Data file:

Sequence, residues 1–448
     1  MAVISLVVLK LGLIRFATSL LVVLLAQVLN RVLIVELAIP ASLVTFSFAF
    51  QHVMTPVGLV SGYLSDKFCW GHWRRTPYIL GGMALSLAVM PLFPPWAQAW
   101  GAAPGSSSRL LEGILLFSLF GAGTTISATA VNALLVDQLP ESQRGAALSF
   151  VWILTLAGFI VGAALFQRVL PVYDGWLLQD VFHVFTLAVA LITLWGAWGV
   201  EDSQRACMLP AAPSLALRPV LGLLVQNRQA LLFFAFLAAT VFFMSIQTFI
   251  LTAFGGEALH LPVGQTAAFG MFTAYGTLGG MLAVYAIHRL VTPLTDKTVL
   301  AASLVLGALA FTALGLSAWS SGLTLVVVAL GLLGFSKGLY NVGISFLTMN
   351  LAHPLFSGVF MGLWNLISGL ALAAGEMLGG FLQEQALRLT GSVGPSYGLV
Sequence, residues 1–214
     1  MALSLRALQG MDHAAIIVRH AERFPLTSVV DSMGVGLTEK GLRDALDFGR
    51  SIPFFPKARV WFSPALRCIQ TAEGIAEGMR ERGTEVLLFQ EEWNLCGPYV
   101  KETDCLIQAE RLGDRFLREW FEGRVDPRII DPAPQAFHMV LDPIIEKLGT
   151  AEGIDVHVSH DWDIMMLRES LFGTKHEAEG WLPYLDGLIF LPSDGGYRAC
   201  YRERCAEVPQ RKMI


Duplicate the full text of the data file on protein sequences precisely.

Sequence, residues 1–448
     1  MAVISLVVLK LGLIRFATSL LVVLLAQVLN RVLIVELAIP ASLVTFSFAF
    51  QHVMTPVGLV SGYLSDKFCW GHWRRTPYIL GGMALSLAVM PLFPPWAQAW
   101  GAAPGSSSRL LEGILLFSLF GAGTTISATA VNALLVDQLP ESQRGAALSF
   151  VWILTLAGFI VGAALFQRVL PVYDGWLLQD VFHVFTLAVA LITLWGAWGV
   201  EDSQRACMLP AAPSLALRPV LGLLVQNRQA LLFFAFLAAT VFFMSIQTFI
   251  LTAFGGEALH LPVGQTAAFG MFTAYGTLGG MLAVYAIHRL VTPLTDKTVL
   301  AASLVLGALA FTALGLSAWS SGLTLVVVAL GLLGFSKGLY NVGISFLTMN
   351  LAHPLFSGVF MGLWNLISGL ALAAGEMLGG FLQEQALRLT GSVGPSYGLV
Sequence, residues 1–214
     1  MALSLRALQG MDHAAIIVRH AERFPLTSVV DSMGVGLTEK GLRDALDFGR
    51  SIPFFPKARV WFSPALRCIQ TAEGIAEGMR ERGTEVLLFQ EEWNLCGPYV
   101  KETDCLIQAE RLGDRFLREW FEGRVDPRII DPAPQAFHMV LDPIIEKLGT
   151  AEGIDVHVSH DWDIMMLRES LFGTKHEAEG WLPYLDGLIF LPSDGGYRAC
   201  YRERCAEVPQ RKMI